Integrating health, housing and energy policies: social practices of cooling

Yolande Strengers, Cecily Maller

Research output: Contribution to journalArticleResearchpeer-review

73 Citations (Scopus)


Health, housing, and energy policies to address hot weather and heatwaves are typically based on divided 'technical' and 'behavioural' strategies and tend to be developed in isolation. This approach results in conflicting outcomes both within and across public policies, potentially leaving households more vulnerable to heat. The cooling practices of Australian householders are analysed using social practice theory to highlight inherent contradictions and tensions in current policies. A range of successful adaptive strategies is identified in participants of a dynamic peak pricing electricity programme or residents of an eco-living development without air-conditioning. The findings demonstrate how householders' ability to respond to heat is shaped by the elements of cooling practices, including common understandings about air-conditioners, practical knowledge and available housing infrastructures. There is a critical need to move towards a coordinated, multi-pronged and flexible public policy response framed around the dynamic cooling practices of households. This requires policies that prioritize and support adaptive cooling infrastructures, and that recognize, support and share householders' existing adaptive capacity to respond to heat.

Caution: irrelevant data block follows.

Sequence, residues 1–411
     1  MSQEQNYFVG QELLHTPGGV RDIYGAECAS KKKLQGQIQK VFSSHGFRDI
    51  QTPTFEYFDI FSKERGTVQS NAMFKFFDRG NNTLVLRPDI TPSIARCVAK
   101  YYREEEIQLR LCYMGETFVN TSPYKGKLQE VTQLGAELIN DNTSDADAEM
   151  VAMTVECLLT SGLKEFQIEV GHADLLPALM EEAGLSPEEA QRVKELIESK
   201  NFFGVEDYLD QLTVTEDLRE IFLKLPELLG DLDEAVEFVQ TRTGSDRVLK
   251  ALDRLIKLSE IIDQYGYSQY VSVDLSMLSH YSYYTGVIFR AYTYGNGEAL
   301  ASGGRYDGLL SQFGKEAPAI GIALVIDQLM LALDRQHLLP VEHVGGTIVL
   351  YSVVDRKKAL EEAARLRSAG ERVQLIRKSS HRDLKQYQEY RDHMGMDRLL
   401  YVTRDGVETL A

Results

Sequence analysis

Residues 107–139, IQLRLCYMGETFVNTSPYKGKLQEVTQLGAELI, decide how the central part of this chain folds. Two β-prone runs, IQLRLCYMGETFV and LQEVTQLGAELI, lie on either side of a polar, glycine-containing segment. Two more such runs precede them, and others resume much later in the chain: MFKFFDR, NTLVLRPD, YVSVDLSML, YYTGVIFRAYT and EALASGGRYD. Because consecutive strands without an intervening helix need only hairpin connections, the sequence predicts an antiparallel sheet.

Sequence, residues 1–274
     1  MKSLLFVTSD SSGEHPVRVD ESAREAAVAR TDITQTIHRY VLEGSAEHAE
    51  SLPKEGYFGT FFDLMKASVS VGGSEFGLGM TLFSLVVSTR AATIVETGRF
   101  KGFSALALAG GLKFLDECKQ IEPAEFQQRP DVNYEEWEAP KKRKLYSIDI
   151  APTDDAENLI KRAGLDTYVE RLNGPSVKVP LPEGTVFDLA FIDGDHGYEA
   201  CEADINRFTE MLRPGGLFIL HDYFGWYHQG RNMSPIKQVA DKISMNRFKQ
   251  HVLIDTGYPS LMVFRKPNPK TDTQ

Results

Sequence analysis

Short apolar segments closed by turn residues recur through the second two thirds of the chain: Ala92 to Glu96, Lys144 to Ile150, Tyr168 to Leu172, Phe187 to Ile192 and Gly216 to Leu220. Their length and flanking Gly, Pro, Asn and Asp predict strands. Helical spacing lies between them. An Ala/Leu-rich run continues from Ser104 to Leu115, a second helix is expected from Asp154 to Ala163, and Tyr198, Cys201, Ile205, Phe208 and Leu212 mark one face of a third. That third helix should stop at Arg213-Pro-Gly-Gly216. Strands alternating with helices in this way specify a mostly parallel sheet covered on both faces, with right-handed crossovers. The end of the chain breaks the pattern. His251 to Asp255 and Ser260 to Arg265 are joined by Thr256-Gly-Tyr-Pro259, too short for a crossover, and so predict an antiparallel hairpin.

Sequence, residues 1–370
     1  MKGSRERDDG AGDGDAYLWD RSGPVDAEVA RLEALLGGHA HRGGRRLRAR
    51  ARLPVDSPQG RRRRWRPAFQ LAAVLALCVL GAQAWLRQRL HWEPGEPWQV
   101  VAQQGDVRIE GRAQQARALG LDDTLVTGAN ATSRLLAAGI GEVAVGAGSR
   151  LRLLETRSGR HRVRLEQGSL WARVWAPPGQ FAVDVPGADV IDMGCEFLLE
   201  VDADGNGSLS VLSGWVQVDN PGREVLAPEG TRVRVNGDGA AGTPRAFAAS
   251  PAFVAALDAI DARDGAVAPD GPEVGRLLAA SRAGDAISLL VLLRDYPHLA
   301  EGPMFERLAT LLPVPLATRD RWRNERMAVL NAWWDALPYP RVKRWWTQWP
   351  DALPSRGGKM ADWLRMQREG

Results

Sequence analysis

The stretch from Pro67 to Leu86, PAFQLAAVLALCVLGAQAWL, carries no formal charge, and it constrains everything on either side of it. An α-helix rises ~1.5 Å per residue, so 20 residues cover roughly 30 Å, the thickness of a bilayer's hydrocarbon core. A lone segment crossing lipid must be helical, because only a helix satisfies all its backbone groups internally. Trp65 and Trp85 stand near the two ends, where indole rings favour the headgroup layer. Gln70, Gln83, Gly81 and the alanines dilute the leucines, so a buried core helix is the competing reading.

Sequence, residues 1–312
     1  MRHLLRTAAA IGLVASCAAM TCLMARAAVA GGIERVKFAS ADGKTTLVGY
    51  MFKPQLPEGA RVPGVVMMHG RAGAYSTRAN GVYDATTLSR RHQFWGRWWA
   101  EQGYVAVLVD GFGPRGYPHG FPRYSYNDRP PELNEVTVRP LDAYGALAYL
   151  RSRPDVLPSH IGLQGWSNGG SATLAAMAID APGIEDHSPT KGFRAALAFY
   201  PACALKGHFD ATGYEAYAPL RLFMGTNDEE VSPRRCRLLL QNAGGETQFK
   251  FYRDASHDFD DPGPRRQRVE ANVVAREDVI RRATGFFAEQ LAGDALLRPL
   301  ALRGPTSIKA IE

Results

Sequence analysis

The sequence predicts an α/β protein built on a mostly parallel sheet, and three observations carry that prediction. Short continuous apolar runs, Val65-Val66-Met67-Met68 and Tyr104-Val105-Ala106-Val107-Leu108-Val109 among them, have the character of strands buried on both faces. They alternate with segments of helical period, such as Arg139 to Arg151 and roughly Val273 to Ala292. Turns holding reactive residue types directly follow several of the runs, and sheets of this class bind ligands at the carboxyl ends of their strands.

Original languageEnglish
Pages (from-to)154-168
Number of pages15
JournalBuilding Research and Information
Issue number2
Publication statusPublished - 2011
Externally publishedYes


  • adaptive behaviour
  • air-conditioning
  • cooling practices
  • energy consumption
  • heatwave
  • inhabitant behaviour
  • peak electricity demand
  • public health
  • thermal comfort

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